In response to Niall Ferguson

The latest Newsweek cover article has managed to goad me into blogging again. In the article, which is best characterized as a rant against the Obama Administration, Niall Ferguson tries to demonstrate his mastery of international affairs. Unfortunately for him, and with sometimes amusing arguments, he falls far short of the mark.

We can work through the article from the beginning. Ferguson starts with a quote from the famed German statesman Bismarck, but his comparison of the situation in which Bismarck found himself in the 19th century and that which confronts Obama today in the Middle East is utterly without merit. Bismarck was chiefly able to direct the “wave of mid-19th-century German nationalism” because he operated within the political system in which that wave rose up. Obama, however, does not operate within the political systems that are currently being challenged by the waves of unrest within each of the countries facing popular unrest in the Middle East. The United States, influential as it is, cannot really be expected to be able to capture and direct popular movements within other countries.i One may as well argue that the United Kingdom or France or Russia should have been able to counteract Bismarck and direct the wave of German nationalism in a way that would be more to their liking.

Ferguson then moves to the real issue—how to understand the actions taken by the Administration relating to Egypt. He presents two possible courses of action: Obama could try to ride the wave and direct it towards ends favorable to the United States; or Obama could do nothing and let “the forces of reaction” rule the day. As he chides him for taking the latter step in Iran in 2009, Ferguson seems to believe that the United States should have forcefully entered on the side of the protesters and called on Mubarak to leave post-haste. He states, as others have also argued, that the Obama Administration was remarkably unclear and muddled in its response, some days saying one thing and some days the other.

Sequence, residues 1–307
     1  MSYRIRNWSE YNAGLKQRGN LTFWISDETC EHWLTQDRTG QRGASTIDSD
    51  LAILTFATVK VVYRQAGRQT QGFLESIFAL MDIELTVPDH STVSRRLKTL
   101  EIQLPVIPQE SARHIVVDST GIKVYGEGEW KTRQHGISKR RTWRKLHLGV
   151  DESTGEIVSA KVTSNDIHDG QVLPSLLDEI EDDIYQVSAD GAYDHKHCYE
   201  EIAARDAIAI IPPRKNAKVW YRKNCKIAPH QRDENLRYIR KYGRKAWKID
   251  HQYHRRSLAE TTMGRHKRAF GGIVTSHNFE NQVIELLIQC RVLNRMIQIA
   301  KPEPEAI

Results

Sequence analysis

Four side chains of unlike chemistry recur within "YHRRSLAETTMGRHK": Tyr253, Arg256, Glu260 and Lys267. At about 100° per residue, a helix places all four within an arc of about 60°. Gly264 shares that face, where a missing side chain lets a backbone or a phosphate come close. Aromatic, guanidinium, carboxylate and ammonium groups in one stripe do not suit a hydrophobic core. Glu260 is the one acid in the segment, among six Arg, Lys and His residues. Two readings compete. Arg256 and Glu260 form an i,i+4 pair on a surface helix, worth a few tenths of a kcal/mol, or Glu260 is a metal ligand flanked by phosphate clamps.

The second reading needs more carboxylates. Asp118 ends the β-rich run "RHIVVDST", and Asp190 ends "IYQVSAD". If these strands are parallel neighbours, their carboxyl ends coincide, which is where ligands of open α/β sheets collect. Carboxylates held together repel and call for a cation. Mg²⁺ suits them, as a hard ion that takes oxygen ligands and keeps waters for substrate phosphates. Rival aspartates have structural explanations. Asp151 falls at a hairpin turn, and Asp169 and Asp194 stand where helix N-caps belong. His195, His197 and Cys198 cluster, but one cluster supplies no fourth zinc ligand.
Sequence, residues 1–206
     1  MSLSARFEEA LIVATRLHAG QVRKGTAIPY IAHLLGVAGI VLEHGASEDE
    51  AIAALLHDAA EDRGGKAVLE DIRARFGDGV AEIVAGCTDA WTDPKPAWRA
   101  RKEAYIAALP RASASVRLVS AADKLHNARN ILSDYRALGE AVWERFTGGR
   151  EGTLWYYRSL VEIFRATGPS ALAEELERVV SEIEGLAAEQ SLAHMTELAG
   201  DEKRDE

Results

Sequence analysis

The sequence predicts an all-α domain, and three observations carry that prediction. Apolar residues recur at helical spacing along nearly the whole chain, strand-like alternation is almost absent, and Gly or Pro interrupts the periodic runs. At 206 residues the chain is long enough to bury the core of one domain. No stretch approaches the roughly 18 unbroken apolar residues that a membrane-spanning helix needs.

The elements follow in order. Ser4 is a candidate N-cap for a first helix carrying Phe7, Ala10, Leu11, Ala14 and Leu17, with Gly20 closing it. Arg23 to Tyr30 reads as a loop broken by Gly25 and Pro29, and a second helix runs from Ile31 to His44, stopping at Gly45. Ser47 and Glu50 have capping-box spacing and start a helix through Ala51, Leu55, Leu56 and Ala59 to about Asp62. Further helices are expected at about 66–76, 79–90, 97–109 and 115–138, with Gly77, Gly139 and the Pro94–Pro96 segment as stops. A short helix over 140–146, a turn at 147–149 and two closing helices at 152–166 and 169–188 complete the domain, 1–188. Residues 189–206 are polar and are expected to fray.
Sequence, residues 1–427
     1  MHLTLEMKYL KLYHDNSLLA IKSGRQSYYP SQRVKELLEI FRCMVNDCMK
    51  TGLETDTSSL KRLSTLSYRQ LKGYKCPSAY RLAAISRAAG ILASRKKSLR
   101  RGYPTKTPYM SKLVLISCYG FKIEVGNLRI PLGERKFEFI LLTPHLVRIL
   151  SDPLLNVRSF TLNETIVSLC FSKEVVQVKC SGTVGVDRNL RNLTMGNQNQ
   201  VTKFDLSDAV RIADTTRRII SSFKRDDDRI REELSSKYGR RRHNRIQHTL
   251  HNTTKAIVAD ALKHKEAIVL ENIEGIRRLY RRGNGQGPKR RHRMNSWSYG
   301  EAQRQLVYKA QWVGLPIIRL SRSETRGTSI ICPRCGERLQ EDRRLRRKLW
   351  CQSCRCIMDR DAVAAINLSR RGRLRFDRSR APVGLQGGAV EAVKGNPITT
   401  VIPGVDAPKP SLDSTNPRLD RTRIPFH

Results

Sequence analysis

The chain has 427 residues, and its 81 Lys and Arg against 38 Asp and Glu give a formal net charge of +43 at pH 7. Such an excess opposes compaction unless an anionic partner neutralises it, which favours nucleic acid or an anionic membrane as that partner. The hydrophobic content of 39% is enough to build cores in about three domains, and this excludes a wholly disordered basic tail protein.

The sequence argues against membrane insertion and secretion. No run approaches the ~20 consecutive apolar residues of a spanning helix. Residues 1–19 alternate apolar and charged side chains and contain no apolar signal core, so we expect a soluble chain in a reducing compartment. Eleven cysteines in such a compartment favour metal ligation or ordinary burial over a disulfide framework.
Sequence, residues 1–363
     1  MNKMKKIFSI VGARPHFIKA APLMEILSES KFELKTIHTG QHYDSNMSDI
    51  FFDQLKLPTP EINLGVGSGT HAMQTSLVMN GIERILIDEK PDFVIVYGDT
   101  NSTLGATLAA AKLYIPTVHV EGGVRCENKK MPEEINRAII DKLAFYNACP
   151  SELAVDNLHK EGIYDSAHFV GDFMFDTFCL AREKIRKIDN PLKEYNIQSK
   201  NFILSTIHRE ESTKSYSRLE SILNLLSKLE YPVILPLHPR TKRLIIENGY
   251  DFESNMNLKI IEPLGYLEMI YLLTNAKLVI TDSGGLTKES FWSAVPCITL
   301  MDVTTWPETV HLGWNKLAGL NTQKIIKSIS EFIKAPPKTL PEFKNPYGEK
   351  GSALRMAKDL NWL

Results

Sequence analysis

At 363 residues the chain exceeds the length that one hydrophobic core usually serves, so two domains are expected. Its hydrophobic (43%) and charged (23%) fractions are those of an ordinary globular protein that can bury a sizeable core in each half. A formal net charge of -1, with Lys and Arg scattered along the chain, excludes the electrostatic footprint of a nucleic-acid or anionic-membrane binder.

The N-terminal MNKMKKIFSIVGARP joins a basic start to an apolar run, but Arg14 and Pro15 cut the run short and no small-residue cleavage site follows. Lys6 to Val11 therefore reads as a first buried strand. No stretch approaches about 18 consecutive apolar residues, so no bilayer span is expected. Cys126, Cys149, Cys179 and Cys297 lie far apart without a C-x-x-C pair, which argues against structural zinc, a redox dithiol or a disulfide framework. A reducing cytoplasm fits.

Of course, there was indeed an element of confusion in the responses offered by the Administration—Biden suggesting that Mubarak wasn’t a dictator, Clinton saying that the regime was stable, Wisner offering his own opinions in Berlin after meeting Mubarak, and Obama never quite being publicly clear what he meant by “transition.” Two things, though, were extremely consistent (aside from the boilerplate calls for nonviolence and restraint on both sides): the Administration never explicitly called for Mubarak to step down (at least publicly); and the Administration called for the Egyptian government to respond, at least in some way, to the protesters’ demands. The United States never “exhorted Mubarak to leave” one day and “recommended orderly transition” the next. An orderly transition was always desired.